Tuesday, September 18, 2012

Cease & Desist

In the U.S. Supreme Court case of American Society of Mechanical Engineers v. Hydrolevel, the justices concluded that a nonprofit association could be held liable for the actions of its officers, directors & volunteers - even when the association did not know about, approve or benefit (as long as the volunteer appeared to outsiders to be acting with authorization).  In this particular instance, a volunteer chairman issued written responses to another company, making assertions that were not supported or approved by the association. 

Community associations must take steps to outline the authority of each agent, regulate access and use of things such as letterhead, a community logo or community website, and immediately act when it sees unauthorized activity.  A typical example is that of a former Board member who continues to interact with vendors or government officials as if he were still on the Board, directing or influencing others based on this false perception.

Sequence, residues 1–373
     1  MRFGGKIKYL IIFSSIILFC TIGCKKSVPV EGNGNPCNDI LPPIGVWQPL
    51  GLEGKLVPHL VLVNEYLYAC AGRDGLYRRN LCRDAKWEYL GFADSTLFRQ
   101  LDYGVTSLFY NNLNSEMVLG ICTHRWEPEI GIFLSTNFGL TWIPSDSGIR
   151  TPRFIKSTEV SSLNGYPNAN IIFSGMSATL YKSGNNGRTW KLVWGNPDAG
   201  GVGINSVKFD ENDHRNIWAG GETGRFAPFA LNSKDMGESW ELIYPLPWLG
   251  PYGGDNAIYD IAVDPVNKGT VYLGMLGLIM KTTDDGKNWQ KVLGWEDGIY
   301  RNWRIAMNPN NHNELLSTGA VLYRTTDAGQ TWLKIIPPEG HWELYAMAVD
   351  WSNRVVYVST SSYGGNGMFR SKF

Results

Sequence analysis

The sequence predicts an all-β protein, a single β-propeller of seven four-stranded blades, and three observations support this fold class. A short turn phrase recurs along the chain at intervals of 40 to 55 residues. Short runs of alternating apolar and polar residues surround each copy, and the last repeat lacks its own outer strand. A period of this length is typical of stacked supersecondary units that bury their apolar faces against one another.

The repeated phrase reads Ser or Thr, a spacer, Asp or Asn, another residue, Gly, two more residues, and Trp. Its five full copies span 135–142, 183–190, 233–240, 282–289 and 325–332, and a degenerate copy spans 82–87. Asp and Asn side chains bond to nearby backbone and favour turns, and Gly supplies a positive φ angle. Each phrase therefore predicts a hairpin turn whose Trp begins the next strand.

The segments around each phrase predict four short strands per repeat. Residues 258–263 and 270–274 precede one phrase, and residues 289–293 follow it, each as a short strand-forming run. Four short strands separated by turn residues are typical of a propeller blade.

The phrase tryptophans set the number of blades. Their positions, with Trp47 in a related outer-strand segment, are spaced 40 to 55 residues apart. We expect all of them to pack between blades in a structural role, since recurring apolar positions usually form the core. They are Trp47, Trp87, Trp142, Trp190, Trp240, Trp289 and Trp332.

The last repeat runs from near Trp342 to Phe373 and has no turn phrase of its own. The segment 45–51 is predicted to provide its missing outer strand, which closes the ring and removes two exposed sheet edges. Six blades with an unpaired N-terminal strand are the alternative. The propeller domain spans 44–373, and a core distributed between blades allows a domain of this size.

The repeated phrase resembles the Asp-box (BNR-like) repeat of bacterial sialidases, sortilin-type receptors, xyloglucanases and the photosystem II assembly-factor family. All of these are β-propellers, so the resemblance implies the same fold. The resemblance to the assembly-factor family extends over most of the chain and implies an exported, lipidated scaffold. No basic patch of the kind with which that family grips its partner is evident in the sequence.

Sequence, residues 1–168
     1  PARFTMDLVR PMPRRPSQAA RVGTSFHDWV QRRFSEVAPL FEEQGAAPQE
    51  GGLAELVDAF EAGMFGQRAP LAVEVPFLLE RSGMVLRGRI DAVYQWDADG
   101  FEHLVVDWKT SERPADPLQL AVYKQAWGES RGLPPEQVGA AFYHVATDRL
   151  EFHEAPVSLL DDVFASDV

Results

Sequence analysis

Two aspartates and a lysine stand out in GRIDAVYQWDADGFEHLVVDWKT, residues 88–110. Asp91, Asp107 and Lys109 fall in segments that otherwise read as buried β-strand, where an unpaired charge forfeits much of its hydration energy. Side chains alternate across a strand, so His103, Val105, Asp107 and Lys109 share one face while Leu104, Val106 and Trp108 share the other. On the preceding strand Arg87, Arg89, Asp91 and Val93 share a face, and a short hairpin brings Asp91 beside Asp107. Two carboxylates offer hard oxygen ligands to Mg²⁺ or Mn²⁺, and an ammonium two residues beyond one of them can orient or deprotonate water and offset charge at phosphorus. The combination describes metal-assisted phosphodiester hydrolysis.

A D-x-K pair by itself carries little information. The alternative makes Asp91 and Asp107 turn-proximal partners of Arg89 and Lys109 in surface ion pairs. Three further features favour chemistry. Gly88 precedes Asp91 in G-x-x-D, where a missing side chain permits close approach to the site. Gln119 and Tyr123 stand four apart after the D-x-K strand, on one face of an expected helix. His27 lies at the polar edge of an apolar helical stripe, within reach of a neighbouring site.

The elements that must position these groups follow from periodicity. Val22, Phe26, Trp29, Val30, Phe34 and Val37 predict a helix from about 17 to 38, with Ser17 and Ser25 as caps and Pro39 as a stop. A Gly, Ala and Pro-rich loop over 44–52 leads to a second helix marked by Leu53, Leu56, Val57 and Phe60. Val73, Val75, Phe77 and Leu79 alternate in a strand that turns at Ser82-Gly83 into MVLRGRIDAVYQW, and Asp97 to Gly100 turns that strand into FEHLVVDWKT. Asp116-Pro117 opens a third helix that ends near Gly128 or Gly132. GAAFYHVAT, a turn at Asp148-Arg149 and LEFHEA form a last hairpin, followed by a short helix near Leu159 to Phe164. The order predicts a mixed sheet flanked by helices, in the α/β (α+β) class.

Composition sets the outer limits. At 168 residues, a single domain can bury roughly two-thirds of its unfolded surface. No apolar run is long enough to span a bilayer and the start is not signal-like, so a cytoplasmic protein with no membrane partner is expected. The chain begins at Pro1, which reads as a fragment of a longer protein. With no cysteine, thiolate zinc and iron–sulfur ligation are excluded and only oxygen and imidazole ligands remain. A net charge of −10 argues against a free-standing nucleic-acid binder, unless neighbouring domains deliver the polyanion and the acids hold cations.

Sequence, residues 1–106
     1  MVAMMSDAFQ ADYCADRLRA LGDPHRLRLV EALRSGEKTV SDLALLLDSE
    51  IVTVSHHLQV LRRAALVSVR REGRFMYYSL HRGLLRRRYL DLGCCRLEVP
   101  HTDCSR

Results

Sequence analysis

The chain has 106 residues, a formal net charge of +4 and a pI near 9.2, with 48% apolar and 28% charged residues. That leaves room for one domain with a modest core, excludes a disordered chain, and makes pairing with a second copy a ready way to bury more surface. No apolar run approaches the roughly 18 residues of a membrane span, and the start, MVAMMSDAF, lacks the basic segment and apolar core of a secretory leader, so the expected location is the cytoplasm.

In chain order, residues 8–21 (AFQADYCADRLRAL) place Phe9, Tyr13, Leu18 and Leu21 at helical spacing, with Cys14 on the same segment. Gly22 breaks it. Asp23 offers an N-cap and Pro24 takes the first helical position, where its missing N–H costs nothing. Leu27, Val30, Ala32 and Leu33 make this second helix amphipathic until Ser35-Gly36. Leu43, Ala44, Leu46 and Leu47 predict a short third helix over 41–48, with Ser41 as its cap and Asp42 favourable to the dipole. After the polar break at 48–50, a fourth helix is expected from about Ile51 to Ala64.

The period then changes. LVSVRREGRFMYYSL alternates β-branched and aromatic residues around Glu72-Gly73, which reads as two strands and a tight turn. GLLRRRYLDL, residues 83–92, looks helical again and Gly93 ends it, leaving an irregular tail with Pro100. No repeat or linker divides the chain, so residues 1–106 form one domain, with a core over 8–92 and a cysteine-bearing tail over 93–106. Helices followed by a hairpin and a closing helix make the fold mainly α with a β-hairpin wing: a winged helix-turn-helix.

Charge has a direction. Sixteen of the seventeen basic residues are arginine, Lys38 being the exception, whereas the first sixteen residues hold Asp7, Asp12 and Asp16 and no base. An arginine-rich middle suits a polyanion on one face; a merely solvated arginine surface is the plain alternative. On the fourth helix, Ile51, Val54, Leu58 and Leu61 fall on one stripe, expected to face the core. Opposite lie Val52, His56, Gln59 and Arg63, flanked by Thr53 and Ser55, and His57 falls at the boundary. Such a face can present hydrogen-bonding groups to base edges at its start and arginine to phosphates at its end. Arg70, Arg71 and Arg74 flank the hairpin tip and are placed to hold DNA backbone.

Appropriate responses include:
  • Having the association’s legal counsel issue a cease & desist letter to the former member
  • Limiting access to proprietary information
  • Notifying vendors and all association members of the volunteers change to non-director status
  • Placing the insurance carrier on notice

Nefarious actions are not limited to former volunteers.  Disgruntled homeowners or vendors may choose to act on behalf of the association as a means of retaliation.  It is vital that social media and other forms of public communication be frequently reviewed to detect and respond to such activity, before the situation becomes expensive.

In this Supreme Court case, the Association ended up paying $6 million (in 1982) in damages and legal expenses because of one person’s unauthorized actions – be sure your community does not face the same exposure!

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